What a difference a year makes. We now know so much more—and in some ways, so much less—than we did then about living with covid-19 and its aftermath. A year ago, we may have made assumptions about a severe acute infection with predictable recovery tail, if longer for some people than others. But we now know that around one in ten of those with the virus will experience instead a “rollercoaster” of fluctuating and complex symptoms, with periods of recovery and relapse over many months. Those who go on to develop long covid are difficult to predict, not linked to severity of disease at the start. Symptoms might include, but not be limited to brain fog, anxiety, breathlessness, fatigue, muscle pain, palpitations and chest heaviness. We still know very little about the clusters and patterns of these symptoms and what this might mean for ongoing treatment and monitoring.
A report out this week by Elaine Maxwell and colleagues at NIHR sets out the state of knowledge on long covid. It focuses on recent published research framed around questions of the nature and causes of long covid and approaches to treatment. This evidence (complementing formal guidelines) was considered by a group with expertise of different kinds. This included people living with long covid as well as those working in fields of rehabilitation, respiratory, psychology, occupational therapy, community nursing, and acute medicine. Making sense of this emerging evidence together, they established what was known as well as gaps in current knowledge. It provides a useful roadmap for patients and professionals—if only to chart the known unknowns.
This exercise was accompanied by a survey of more than 3000 people with long covid. This provided a touchpoint running alongside formal evidence to illustrate and highlight issues. This included limits in ability to work reported by 80% of respondents and ability to care for family impaired in just under a third. This dipstick of lived experience echoed themes from the limited number of in-depth qualitative research studies to date. That includes the shame and stigma reported by people, many without confirmed infections given early policy on covid testing, and problems in accessing and navigating services.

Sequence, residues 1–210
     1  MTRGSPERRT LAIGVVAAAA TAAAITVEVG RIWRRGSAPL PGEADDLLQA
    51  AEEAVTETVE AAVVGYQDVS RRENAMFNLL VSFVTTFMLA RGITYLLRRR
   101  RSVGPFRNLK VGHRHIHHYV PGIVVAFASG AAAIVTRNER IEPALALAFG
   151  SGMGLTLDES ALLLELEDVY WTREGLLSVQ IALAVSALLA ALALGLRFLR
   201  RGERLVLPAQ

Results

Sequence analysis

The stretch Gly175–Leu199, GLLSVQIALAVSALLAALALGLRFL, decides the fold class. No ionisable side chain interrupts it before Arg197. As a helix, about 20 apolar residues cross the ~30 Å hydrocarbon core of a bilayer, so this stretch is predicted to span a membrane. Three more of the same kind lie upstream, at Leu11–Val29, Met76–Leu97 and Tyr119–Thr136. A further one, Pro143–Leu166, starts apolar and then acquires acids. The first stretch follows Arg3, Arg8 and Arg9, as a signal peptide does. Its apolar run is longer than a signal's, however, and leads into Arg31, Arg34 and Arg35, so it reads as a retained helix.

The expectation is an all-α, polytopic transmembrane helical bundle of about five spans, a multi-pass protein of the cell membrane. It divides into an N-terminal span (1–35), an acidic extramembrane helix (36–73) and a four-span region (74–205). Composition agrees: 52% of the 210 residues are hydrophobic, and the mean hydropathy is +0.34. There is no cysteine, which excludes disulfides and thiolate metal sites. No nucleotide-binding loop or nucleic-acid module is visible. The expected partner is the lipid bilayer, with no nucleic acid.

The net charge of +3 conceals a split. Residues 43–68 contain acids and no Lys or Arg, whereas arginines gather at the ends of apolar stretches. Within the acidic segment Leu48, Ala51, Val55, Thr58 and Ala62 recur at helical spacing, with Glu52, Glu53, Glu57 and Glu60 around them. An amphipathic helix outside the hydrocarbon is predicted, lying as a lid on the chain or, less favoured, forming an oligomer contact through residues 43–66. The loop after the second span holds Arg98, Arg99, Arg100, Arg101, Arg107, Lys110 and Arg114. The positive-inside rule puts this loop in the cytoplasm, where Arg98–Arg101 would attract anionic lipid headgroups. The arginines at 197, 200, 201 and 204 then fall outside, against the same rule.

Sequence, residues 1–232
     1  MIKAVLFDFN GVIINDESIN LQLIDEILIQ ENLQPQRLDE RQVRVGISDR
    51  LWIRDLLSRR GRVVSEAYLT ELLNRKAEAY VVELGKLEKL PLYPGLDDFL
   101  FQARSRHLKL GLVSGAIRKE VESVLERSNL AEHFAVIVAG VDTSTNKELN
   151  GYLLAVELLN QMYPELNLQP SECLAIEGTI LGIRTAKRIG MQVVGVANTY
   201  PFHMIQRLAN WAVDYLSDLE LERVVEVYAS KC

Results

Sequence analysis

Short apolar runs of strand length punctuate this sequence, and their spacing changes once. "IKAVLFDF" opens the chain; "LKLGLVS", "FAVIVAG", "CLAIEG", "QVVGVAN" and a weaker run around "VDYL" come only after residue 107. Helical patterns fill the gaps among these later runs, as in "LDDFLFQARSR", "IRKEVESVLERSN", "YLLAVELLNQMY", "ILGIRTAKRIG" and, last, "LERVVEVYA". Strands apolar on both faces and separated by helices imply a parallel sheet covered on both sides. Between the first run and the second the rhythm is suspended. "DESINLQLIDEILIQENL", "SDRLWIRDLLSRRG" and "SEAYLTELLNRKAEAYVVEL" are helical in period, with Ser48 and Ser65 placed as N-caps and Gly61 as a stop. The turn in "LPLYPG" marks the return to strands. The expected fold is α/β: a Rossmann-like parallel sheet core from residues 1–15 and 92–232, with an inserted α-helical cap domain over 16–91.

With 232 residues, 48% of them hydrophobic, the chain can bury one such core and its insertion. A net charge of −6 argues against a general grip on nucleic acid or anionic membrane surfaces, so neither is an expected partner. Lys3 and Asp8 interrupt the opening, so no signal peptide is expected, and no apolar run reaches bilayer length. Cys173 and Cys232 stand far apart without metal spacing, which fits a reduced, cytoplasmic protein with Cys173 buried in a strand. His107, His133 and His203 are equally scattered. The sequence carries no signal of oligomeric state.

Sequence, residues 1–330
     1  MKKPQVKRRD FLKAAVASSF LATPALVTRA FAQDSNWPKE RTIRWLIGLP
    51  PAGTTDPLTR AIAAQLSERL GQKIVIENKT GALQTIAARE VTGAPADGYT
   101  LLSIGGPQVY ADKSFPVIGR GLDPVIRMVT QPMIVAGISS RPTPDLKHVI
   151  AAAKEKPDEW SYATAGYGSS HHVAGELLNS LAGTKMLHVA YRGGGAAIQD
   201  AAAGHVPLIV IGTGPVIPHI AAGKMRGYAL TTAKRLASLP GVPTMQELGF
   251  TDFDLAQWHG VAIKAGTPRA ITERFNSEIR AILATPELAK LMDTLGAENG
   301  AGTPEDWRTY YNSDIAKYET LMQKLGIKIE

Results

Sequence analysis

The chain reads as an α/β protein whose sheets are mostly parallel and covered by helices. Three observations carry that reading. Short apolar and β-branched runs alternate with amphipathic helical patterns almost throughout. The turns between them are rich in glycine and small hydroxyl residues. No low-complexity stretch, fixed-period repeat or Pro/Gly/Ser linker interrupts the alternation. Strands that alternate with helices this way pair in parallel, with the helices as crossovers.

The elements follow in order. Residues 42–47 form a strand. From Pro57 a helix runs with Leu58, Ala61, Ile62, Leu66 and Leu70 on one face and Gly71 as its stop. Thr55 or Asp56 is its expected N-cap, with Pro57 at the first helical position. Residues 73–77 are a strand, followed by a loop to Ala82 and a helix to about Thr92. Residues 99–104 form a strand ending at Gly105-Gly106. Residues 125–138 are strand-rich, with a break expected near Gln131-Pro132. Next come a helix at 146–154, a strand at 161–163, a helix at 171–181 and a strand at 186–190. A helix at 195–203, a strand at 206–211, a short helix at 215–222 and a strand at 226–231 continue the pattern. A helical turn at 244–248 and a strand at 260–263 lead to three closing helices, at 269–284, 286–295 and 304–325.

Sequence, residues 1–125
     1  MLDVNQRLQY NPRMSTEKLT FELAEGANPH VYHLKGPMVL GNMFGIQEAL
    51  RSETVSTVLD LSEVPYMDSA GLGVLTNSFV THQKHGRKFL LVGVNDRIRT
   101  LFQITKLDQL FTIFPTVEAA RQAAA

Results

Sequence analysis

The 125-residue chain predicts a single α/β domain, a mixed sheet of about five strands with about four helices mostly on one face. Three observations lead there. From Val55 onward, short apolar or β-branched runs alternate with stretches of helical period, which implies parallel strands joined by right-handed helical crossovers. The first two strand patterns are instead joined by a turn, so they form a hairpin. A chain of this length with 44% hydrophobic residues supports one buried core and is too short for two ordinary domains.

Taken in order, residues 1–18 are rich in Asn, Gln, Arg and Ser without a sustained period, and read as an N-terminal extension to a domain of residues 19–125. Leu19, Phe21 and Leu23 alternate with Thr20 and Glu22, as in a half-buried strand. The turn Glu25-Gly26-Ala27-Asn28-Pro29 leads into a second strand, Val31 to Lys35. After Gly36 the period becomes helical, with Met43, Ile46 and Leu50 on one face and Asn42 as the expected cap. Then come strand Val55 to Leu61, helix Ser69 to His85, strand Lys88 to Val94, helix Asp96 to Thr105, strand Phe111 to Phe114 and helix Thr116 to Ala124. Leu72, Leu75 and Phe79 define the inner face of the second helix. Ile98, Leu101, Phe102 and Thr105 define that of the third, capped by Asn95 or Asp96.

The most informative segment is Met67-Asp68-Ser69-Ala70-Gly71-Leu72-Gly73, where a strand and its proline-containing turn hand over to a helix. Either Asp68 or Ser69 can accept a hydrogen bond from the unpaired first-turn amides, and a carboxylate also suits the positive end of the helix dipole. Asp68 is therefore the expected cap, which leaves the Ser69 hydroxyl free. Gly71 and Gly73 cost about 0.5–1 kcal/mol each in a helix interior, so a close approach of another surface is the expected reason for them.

What we call long covid may be better described as a number of syndromes, all requiring different responses and management. As a multisystem disease it highlights problems in fragmented services and pathways. More than sixty long covid clinics have now been set up by NHS England, taking referrals from GPs for people presenting with symptoms which can be assessed by multidisciplinary teams. It will be interesting to see how these work—an evaluation of the perhaps parallel system of memory clinics showed considerable variation in how these were staffed and what was provided in terms of post-assessment treatment and support.
There are many important areas of uncertainty where more research is needed, including evaluation of new service models. The report identifies other gaps, including learning from other parallel conditions (while keeping an open mind on the distinct and emerging trajectory of this disease) and the need for people with lived experience to be equal partners in identifying future research needs.
We are making progress. Last month, four major new research studies were announced by NIHR and UKRI. These include ambitious programmes to chart the natural history and patterns of disease, risk factors, and responses with platforms for developing and testing new treatments and services, including digital support. One focuses particularly on children and young people. Studies use a variety of approaches from population-based intelligence to linked data and prospective cohorts. This substantive research should advance our understanding of long covid.
All studies will engage people with lived experience in shaping research and outputs. If we have learned one thing over this year, it is to listen to the patient. One interesting paper shows how people with long covid “collectively made” the condition, that is named and described the constellation of persistent and unstable symptoms, challenging early assumptions about the nature of the illness. People with long covid used social media to give voice and support to a community and prompting policy and service action. Framing the problem is an important first step—perhaps similar to the drive to shape the narrative of clinical frailty as a condition which can be recognised, treated and potentially prevented. Kingdon argued that “policy windows” open when there is a well-defined narrative around a problem. People with long covid have pushed that window open and further research and growing clinical knowledge will provide more light in days to come.
Tara Lamont is senior scientific adviser (Evidence Use) at the Wessex Institute, University of Southampton.
Competing interests: TL was part of the steering group on this report.